If the Casio Connected app isn’t running on your smartphone — not even in the background — your G-Shock will not be able to connect to your smartphone. It tries four times a day to connect but will invariably fail unless the app is active. From the moment your G-Shock was Bluetooth connected to the Casio Connected app once, it will try to connect no matter what. Even if you decided not to use the app anymore, deleted it and deleted the smartphone’s Bluetooth pairing. Your watch will still try to connect.

Why does RCVD disappear?

This is why it happens. Your G-Shock receives its radio signal just after midnight or at any time before 5 am (that’s when the radio receiving stops). RCVD shows in the display to confirm. Then, at 6:30 AM, your watch tries to Bluetooth-connect to your smartphone. If that, for any reason (phone is out of reach, the app is not running, Bluetooth on your smartphone is switched off, or you deleted the app altogether) fails, RCVD is removed from the display. This to inform you that the latest time synchronization wasn’t successful. However, only a few hours before, your watch was accurately synchronized by radio reception and will show the exact right time.


Because your watch won’t be able to adjust the time through Bluetooth at all — caused by any of the above-mentioned reasons — during the rest of the day, RCVD will not show up in the dial. Then, during the night, the above scenario will once more unfold, but you won’t notice it because you’re asleep.

The solution

Let’s assume you really don’t want to use the app anymore to synchronize your G-Shock Square’s time. Or, more plausible, you don’t want to have the app running in the background all day. But you do want the confirmation that your watch managed to receive the radio signal to adjust the time. Unfortunately, eliminating the Bluetooth pairing with your watch on your smartphone won’t help. Your watch doesn’t know and will still try to connect. The solution is to stop the Bluetooth connection on your G-Shock.

This, however, isn’t explained and can’t be found in your module’s instruction manual. But, here we are, Fratello to the help!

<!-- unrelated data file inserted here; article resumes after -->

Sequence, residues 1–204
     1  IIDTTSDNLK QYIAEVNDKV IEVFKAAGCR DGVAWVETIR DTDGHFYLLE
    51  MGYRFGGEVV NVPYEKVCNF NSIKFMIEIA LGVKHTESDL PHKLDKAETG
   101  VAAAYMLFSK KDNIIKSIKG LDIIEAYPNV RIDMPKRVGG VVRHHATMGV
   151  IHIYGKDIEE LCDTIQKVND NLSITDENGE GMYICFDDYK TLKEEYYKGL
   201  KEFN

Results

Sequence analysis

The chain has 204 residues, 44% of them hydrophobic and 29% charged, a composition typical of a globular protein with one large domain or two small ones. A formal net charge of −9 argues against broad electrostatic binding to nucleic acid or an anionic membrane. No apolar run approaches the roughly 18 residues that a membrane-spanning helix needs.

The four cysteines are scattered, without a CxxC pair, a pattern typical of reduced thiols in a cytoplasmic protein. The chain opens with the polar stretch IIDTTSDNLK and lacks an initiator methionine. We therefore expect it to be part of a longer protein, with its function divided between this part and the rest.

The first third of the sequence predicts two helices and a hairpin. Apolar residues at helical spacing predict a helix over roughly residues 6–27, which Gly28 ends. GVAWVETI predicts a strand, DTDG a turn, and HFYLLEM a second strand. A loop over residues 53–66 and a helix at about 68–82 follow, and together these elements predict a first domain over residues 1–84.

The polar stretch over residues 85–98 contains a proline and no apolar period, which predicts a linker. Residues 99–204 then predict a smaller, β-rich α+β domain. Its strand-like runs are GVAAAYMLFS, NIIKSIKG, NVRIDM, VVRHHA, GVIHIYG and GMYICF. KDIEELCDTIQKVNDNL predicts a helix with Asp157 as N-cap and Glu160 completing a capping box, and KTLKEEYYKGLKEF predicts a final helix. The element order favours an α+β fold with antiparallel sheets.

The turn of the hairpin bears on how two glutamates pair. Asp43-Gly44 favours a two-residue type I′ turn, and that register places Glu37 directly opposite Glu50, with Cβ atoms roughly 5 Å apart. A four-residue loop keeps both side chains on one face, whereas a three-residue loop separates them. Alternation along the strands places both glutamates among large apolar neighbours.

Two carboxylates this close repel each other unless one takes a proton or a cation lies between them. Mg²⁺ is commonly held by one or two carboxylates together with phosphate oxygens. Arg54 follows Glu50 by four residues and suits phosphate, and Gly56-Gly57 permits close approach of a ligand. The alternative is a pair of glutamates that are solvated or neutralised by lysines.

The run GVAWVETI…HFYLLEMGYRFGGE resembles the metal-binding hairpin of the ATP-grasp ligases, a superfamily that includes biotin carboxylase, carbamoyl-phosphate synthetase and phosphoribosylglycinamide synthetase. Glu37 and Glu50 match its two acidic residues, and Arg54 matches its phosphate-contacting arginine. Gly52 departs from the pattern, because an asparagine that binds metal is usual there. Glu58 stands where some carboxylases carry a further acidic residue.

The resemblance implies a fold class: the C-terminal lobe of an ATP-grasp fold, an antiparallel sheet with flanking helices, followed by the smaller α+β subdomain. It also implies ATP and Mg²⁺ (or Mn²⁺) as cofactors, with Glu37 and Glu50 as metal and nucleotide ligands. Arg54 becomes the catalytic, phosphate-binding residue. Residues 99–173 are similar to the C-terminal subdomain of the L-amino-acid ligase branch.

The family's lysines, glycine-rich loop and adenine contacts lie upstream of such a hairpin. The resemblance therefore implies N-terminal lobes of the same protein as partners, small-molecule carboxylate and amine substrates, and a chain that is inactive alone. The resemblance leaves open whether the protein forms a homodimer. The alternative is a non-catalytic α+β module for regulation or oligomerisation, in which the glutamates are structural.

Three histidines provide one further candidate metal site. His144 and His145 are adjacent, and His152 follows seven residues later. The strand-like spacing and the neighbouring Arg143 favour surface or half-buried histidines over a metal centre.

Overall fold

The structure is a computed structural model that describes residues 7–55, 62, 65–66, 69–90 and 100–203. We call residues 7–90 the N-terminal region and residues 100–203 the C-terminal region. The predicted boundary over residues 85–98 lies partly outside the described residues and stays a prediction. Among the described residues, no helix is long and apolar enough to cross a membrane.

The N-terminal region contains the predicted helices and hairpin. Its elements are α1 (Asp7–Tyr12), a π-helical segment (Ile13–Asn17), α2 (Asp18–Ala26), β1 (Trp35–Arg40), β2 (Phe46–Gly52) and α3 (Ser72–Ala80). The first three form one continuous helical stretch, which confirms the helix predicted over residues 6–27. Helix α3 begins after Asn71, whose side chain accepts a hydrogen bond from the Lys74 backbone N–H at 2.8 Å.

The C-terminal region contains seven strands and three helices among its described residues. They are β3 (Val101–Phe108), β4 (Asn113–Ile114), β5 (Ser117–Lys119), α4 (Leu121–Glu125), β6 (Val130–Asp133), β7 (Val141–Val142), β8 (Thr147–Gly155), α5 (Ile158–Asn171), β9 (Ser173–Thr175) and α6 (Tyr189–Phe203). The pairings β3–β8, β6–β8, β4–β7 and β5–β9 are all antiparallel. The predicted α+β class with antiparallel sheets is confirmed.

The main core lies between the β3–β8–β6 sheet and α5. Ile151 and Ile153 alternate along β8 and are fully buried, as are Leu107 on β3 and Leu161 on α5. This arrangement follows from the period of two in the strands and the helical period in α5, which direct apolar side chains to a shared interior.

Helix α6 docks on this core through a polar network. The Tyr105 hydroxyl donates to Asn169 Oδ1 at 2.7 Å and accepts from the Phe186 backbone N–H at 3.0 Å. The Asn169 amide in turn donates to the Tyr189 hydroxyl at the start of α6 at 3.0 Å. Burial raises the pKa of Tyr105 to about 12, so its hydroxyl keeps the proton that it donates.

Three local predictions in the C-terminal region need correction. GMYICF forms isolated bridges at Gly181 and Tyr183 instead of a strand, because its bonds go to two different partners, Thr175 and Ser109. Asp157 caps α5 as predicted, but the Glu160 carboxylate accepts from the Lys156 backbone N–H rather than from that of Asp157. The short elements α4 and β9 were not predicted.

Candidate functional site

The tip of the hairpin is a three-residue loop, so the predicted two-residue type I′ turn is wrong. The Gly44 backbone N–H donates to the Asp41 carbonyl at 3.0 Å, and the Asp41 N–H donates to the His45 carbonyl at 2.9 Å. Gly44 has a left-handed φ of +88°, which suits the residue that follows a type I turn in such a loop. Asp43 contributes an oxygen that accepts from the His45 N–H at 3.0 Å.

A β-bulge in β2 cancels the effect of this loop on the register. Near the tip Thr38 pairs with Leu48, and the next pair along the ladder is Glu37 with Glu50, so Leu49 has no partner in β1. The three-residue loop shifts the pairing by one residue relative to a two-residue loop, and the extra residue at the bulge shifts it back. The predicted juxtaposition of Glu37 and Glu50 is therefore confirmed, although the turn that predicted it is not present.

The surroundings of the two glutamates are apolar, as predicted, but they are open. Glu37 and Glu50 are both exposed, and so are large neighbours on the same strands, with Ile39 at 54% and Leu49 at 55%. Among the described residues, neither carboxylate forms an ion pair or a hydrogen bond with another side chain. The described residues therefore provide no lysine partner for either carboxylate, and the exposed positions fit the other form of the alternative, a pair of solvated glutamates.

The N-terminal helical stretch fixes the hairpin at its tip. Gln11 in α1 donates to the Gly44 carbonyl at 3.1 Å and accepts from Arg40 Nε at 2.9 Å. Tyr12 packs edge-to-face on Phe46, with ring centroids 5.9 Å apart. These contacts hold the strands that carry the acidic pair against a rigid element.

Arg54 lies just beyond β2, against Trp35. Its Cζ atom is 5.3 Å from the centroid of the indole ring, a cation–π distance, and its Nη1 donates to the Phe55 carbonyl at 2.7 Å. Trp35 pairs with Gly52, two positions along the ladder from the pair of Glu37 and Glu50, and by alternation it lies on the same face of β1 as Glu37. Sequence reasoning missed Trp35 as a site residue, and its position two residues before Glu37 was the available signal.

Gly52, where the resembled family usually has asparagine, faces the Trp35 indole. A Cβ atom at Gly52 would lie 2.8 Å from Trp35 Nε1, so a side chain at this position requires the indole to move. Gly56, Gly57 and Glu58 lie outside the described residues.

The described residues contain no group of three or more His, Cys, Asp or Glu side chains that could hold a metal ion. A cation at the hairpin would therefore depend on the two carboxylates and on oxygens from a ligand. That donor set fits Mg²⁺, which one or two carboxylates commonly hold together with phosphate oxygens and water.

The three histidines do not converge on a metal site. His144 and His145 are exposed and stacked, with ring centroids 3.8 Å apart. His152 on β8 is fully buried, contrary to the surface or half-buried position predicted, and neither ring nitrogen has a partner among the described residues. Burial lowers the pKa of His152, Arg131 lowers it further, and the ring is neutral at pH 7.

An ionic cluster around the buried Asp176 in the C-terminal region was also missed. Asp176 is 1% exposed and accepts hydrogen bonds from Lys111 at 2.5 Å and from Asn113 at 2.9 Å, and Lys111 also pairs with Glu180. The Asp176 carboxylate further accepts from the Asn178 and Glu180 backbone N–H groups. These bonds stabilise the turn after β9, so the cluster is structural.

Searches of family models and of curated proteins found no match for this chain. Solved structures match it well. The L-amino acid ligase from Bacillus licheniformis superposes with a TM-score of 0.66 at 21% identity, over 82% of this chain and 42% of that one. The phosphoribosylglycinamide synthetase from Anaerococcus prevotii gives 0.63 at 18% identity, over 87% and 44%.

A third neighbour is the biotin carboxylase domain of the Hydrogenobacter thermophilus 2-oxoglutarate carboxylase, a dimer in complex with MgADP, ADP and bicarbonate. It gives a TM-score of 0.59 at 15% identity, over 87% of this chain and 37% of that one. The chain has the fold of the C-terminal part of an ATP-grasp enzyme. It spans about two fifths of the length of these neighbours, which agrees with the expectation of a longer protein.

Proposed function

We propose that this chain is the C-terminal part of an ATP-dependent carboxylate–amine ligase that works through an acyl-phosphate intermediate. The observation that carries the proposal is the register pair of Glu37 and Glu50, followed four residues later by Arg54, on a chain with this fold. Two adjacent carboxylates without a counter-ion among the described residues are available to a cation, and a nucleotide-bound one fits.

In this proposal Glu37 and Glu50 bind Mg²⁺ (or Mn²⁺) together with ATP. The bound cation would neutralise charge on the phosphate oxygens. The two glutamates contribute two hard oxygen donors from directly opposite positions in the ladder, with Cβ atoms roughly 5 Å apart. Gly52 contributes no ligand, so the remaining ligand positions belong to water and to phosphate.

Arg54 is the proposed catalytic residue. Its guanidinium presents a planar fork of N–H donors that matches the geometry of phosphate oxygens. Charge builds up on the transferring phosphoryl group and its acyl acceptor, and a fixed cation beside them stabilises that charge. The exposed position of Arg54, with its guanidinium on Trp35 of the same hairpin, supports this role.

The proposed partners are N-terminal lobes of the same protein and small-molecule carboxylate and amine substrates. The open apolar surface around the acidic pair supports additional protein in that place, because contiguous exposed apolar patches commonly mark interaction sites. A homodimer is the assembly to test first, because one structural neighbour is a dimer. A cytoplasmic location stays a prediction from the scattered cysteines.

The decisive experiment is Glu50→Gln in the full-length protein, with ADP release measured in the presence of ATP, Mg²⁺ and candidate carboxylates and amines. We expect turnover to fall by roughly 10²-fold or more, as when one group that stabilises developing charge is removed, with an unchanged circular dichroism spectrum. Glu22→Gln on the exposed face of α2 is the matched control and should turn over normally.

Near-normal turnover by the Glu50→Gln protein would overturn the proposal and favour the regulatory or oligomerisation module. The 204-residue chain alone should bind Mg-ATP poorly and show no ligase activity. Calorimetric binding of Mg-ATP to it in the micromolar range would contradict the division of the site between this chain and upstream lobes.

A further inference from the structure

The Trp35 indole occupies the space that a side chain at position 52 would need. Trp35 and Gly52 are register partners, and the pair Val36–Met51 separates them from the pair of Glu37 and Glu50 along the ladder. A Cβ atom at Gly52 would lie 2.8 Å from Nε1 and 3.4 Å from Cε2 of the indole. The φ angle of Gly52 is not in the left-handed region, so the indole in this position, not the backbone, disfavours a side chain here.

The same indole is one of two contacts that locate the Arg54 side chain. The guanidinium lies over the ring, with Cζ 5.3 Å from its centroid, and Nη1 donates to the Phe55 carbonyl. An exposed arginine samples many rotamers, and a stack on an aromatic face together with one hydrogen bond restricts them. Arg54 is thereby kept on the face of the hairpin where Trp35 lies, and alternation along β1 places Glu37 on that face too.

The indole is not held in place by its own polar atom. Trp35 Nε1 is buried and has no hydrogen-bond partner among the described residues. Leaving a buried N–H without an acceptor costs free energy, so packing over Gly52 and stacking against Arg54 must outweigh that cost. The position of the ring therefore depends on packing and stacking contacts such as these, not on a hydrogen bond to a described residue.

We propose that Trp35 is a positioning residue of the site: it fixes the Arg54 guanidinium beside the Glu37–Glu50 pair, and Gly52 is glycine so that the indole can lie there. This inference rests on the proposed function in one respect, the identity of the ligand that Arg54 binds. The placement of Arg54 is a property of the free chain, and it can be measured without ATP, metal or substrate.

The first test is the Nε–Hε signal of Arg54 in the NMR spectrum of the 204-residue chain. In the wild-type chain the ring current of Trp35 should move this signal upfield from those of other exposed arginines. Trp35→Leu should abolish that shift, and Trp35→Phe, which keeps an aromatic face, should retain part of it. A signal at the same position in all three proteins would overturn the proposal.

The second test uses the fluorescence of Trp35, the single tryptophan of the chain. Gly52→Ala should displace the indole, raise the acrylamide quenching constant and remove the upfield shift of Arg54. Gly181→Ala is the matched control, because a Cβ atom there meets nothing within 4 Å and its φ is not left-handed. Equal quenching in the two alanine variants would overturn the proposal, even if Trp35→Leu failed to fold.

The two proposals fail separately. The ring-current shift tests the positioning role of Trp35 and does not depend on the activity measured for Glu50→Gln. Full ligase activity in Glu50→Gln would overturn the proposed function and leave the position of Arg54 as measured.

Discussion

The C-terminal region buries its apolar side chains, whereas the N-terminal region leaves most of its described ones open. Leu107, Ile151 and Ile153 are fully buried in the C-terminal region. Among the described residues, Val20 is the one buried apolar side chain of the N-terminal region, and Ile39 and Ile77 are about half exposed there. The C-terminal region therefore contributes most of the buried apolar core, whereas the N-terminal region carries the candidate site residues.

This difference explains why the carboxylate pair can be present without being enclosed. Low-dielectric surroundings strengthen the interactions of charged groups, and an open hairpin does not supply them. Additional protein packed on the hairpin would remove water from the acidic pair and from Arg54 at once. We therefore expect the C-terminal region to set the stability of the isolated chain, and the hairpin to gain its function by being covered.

To stop your G-Shock from Bluetooth-connecting to your smartwatch app — and thus removing RCVD from the display — carefully follow the instructions below.

  • In the main time-display, press and hold the adjust button (A) until HT (hometime) blinks
  • Press (C) twice so that the seconds start to blink
  • Hold button (B) — for approximately three seconds — until CLR shows solid in the display and a beep is heard

This sequence will remove the Bluetooth pairing from the watch. Afterward, it will no longer attempt to Bluetooth synchronize with your smartphone until it is re-paired on your smartphone again. Now your G-Shock will only synchronize the time by its Multi-Band 6 radio-controlled functionality and — if successful in doing so — show RCVD in the display. Please note, this sequence is close to totally resetting your watch to factory defaults. And you most probably don’t want to do that because it means losing all world-time settings, alarms, language settings, etc. The difference is the last step. Instead of three, you would hold button (B) for seven seconds when CLR disappears, and ALL shows up.


(*) if  you’re outside radio coverage

If you’re out of reach of one of the six radio transmitters, your only chance to automatically synchronize the time on your G-Shock is the Bluetooth connection. Because of this, you won’t be able to have the RCVD notification in the display to confirm receipt of radio control anyway. Consequently, you won’t lose it either in case your Bluetooth synchronization wasn’t successful. In that case, RCVD will not show but it actually means that time synchronization didn’t happen.